The government acknowledged Friday that a shipment of peanuts from the plant linked to a salmonella outbreak contained a “filthy, putrid or decomposed substance” later identified as metal fragments. The shipment was returned to the U.S. in April, months earlier than reflected in a federal tracking database.
The rejected shipment – coming across a bridge between New York and Canada – was logged by the Food and Drug Administration but never tested by federal inspectors, according to government records. The computer records show a mid-September date, just weeks before the earliest signs of the outbreak.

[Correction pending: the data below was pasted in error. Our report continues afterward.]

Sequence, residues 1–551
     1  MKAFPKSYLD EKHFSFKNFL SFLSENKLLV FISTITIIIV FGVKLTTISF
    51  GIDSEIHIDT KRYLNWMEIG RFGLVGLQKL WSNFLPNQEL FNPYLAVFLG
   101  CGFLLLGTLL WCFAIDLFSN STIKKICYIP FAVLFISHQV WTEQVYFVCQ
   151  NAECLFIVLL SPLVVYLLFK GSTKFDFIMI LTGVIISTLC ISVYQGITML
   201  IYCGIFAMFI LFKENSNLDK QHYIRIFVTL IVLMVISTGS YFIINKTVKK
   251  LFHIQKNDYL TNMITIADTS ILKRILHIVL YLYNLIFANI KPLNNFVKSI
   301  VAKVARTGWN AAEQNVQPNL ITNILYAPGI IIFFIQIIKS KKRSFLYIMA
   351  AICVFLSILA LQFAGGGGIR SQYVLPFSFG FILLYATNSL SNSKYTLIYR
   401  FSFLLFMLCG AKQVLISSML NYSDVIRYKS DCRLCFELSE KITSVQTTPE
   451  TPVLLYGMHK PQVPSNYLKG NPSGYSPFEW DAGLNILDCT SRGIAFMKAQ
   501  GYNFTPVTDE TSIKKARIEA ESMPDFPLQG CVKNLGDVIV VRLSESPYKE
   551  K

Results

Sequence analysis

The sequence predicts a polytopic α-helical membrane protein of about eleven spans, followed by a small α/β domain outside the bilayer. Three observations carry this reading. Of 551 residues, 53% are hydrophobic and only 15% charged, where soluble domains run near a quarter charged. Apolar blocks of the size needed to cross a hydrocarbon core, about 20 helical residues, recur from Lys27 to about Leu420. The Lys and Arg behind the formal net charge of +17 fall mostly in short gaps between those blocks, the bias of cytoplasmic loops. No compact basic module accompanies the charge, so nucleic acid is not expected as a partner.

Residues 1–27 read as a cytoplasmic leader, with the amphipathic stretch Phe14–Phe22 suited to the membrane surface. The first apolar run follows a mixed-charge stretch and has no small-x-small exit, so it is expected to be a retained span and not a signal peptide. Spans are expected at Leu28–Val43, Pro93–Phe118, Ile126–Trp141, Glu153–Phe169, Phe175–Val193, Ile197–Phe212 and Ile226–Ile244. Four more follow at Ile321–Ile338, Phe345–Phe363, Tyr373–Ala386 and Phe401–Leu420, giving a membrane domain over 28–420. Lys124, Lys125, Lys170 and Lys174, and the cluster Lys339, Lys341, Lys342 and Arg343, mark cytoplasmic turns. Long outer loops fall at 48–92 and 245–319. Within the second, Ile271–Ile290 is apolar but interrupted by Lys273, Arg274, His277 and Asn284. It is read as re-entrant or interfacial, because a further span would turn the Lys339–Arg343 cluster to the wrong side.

The FDA said Friday that the shipment of chopped peanuts from Peanut Corp. of America in Blakely, Ga., was destroyed after efforts between the FDA and Peanut Corp. broke down and the FDA rejected as “unacceptable” findings by a private lab hired by Peanut Corp. to analyze its peanuts.
“The shipment was refused by FDA for filth,” FDA spokeswoman Stephanie Kwisnek wrote in an e-mail to The Associated Press. “The importer requested to destroy the product.”